My rating: 4 of 5 stars
Published: May 15th, 2018
Publisher: Convergent Books
Recommended Age: 14+
Genres & Themes: Adult, Memoir, Nonfiction, Race, Social Justice, Discrimination, Religion
Austin Channing Brown’s first encounter with a racialized America came at age 7, when she discovered her parents named her Austin to deceive future employers into thinking she was a white man. Growing up in majority-white schools, organizations, and churches, Austin writes, “I had to learn what it means to love blackness,” a journey that led to a lifetime spent navigating America’s racial divide as a writer, speaker and expert who helps organizations practice genuine inclusion. In a time when nearly all institutions (schools, churches, universities, businesses) claim to value “diversity” in their mission statements, I’m Still Here is a powerful account of how and why our actions so often fall short of our words. Austin writes in breathtaking detail about her journey to self-worth and the pitfalls that kill our attempts at racial justice, in stories that bear witness to the complexity of America’s social fabric–from Black Cleveland neighborhoods to private schools in the middle-class suburbs, from prison walls to the boardrooms at majority-white organizations.
The best time for me to read a memoir is after finishing a fantasy novel – in this case The Wicked King – because while fiction and non-fiction do share similarities (at least they should), plunging into something very different makes you even more aware of what you’re reading currently.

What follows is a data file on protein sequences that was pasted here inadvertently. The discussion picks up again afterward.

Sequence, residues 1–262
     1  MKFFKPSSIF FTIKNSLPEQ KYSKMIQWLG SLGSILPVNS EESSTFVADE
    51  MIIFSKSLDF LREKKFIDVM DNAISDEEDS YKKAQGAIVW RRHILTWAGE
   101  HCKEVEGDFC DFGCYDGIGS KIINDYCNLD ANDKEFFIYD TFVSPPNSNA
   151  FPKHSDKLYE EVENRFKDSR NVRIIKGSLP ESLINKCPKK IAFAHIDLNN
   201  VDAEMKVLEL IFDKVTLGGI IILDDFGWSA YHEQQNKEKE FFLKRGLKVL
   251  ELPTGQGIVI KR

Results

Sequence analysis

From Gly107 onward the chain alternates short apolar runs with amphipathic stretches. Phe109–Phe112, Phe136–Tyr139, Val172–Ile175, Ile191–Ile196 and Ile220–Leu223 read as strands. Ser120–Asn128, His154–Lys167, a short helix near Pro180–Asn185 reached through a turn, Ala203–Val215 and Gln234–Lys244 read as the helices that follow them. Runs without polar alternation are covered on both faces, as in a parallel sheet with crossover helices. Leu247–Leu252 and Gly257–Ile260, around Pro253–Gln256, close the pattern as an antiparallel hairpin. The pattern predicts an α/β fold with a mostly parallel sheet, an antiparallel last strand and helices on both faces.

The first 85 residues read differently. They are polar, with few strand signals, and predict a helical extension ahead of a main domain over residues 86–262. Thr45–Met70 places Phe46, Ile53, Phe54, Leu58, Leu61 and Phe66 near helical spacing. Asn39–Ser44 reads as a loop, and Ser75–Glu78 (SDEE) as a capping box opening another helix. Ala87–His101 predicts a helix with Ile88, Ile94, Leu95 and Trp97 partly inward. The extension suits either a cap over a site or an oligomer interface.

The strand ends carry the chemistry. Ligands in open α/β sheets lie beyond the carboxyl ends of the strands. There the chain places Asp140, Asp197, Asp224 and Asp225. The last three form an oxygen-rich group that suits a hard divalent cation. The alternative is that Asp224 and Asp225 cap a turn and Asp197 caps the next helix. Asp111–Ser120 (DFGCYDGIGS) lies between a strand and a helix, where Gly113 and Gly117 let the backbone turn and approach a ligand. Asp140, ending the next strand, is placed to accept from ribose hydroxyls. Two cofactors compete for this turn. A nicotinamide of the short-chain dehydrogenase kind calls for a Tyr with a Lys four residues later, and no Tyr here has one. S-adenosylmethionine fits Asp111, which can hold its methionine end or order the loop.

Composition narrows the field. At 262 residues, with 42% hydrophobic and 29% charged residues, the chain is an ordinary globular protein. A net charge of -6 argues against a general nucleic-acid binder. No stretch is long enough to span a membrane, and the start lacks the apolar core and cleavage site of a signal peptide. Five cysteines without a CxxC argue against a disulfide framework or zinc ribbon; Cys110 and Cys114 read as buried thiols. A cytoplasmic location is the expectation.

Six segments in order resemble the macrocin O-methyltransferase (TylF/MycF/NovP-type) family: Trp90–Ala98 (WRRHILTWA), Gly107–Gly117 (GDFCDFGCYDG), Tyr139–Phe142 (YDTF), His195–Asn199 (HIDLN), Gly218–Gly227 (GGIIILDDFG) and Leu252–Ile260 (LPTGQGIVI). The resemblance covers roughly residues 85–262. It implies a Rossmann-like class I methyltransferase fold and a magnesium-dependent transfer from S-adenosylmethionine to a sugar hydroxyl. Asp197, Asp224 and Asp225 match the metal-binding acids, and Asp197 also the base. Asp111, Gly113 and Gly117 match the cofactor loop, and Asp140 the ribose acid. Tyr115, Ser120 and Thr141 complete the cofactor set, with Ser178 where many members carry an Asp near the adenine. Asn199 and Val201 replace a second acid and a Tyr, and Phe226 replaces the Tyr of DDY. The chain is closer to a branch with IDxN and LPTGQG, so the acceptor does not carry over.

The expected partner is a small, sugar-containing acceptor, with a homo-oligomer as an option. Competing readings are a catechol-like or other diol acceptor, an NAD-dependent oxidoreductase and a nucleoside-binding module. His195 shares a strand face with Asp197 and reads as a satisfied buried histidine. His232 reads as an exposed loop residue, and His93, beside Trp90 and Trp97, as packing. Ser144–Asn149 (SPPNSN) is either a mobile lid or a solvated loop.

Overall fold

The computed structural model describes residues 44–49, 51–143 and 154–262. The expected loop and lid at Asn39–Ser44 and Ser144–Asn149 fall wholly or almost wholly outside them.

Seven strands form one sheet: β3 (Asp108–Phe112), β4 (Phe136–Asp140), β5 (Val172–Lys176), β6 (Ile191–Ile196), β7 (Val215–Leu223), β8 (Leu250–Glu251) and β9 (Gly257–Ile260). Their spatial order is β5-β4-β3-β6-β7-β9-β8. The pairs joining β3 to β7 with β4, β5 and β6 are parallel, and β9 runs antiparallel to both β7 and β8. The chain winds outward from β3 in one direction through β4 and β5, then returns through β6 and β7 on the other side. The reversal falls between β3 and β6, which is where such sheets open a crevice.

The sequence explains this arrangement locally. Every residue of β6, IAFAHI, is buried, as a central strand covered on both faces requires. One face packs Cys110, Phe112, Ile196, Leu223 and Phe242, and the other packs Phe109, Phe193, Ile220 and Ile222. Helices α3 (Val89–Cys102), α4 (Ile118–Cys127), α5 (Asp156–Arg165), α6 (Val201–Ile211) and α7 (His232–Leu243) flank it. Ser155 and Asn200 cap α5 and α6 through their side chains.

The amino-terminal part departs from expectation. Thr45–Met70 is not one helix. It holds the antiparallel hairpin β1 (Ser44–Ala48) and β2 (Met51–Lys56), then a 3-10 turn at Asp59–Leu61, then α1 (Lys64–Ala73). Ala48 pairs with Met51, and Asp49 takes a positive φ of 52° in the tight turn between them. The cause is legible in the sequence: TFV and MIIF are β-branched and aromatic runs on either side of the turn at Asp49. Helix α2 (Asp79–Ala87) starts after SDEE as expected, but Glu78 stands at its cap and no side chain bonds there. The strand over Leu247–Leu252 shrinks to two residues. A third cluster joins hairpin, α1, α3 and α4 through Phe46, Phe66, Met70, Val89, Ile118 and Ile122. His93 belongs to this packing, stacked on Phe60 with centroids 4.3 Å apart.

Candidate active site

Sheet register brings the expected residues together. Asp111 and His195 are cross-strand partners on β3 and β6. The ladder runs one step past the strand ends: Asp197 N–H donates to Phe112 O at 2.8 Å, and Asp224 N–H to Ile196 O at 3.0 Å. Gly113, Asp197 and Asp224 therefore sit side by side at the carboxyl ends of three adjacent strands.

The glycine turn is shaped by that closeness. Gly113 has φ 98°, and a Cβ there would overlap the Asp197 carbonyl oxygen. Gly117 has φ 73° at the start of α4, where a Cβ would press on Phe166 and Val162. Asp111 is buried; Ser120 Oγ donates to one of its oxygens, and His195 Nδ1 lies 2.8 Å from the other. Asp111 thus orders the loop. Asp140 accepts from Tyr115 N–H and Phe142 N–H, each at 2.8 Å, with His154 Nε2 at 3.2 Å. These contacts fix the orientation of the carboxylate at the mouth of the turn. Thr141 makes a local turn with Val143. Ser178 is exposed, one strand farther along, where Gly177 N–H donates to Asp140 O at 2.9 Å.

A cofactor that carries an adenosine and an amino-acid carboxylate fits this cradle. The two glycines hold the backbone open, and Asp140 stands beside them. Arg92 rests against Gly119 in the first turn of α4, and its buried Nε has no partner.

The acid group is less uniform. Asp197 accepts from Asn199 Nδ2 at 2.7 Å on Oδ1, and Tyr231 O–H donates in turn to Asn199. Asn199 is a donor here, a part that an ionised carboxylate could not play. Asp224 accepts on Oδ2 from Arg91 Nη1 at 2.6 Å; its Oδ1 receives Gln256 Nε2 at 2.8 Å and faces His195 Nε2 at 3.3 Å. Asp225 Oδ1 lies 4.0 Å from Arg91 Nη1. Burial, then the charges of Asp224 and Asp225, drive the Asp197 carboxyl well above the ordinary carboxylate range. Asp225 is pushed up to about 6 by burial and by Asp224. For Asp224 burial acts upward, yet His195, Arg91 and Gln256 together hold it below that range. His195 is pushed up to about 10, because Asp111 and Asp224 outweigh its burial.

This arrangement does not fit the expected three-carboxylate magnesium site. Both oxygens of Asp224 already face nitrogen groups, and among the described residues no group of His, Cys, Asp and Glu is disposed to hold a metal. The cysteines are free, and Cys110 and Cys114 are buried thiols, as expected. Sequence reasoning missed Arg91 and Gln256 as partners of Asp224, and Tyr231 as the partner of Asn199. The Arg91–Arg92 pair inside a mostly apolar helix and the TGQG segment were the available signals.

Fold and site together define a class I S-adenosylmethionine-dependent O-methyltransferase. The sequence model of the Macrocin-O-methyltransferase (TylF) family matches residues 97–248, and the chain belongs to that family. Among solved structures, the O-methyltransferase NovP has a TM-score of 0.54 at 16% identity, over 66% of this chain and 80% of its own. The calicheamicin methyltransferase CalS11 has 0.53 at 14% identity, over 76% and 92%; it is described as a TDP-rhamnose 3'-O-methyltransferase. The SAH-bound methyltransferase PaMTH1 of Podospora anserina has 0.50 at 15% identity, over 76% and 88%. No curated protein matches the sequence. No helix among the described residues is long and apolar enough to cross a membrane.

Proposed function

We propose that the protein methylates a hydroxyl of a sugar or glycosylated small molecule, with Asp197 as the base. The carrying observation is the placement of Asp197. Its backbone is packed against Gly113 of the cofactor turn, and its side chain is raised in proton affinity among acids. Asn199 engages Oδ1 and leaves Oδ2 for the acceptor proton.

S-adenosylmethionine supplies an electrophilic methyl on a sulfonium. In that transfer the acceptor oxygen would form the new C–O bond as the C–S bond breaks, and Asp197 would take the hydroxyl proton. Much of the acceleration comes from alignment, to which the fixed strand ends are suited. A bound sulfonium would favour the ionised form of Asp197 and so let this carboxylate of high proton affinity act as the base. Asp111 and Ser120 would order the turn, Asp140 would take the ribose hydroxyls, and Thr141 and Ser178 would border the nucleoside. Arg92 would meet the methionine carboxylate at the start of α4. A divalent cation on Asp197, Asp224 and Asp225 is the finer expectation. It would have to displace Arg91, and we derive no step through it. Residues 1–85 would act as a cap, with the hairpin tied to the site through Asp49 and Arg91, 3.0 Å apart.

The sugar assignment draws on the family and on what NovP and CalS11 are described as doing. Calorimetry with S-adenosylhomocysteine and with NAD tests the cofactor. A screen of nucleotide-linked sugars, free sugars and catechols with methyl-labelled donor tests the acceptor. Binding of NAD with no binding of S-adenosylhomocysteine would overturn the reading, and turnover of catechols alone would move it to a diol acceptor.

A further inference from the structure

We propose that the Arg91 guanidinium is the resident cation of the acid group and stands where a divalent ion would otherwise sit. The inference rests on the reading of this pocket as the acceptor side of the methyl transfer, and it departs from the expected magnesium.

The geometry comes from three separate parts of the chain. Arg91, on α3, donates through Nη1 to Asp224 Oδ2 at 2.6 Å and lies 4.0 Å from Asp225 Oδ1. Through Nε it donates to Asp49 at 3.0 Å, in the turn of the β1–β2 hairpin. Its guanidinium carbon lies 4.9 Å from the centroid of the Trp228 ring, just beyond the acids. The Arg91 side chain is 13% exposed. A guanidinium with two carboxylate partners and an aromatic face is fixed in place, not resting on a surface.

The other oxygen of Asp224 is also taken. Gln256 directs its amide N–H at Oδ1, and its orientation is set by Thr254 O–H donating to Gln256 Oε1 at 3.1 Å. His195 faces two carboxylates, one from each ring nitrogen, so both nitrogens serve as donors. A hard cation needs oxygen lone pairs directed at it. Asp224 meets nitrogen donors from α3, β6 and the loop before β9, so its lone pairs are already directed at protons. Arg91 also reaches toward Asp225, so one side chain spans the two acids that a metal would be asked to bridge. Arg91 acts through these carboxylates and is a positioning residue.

This is the kind of memoir I like reading. I recently learned that the word ‘‘memoir’’ can apply to both an exploration of someone’s life, like a biography, or writing on a specific topic, like an essay.
Although I don’t exclusively read memoirs that fit the first definition, I do prefer it. It’s then no surprise that I was immediately captivated by this book. It’s not only that the author talks about her early life – childhood, adolescence and coming of age in general – all of which I adore reading about, it’s that she uses her communication skills to share her views and explore her past and present in such an honest and relatable way.
She denounces racism and questions today’s society’s view of Blackness and Whiteness using examples easy to understand and comparisons that immediately put things in perspective. One metaphor she used that especially spoke to me was how the world is so much like vanilla ice cream – white – with only a few chocolate sprinkles on the top, but that this is not how it should be, because although the sprinkles add flavour, they are dispensable. And Blackness should not be replaceable. It is here to stay.
It also never crossed my mind that some companies may hire people of color and of other ethnicities simply to take pride in their own ‘‘inclusivity,’’ while not necessarily wanting to hear any of those people’s ideas or welcome their culture with them. Many assume they will ‘‘assimilate.’’ Some are even baffled by their new black employees who refuse to assimilate, choosing to keep their individualities.
I have read non-fiction books that discuss discrimination and race relations in the past, but the truth is that I will never stop learning. Even if I was aware of some of the things mentioned in this memoir, I still ended up learning a lot. That’s because we never do stop learning. Nor should we ever want to.
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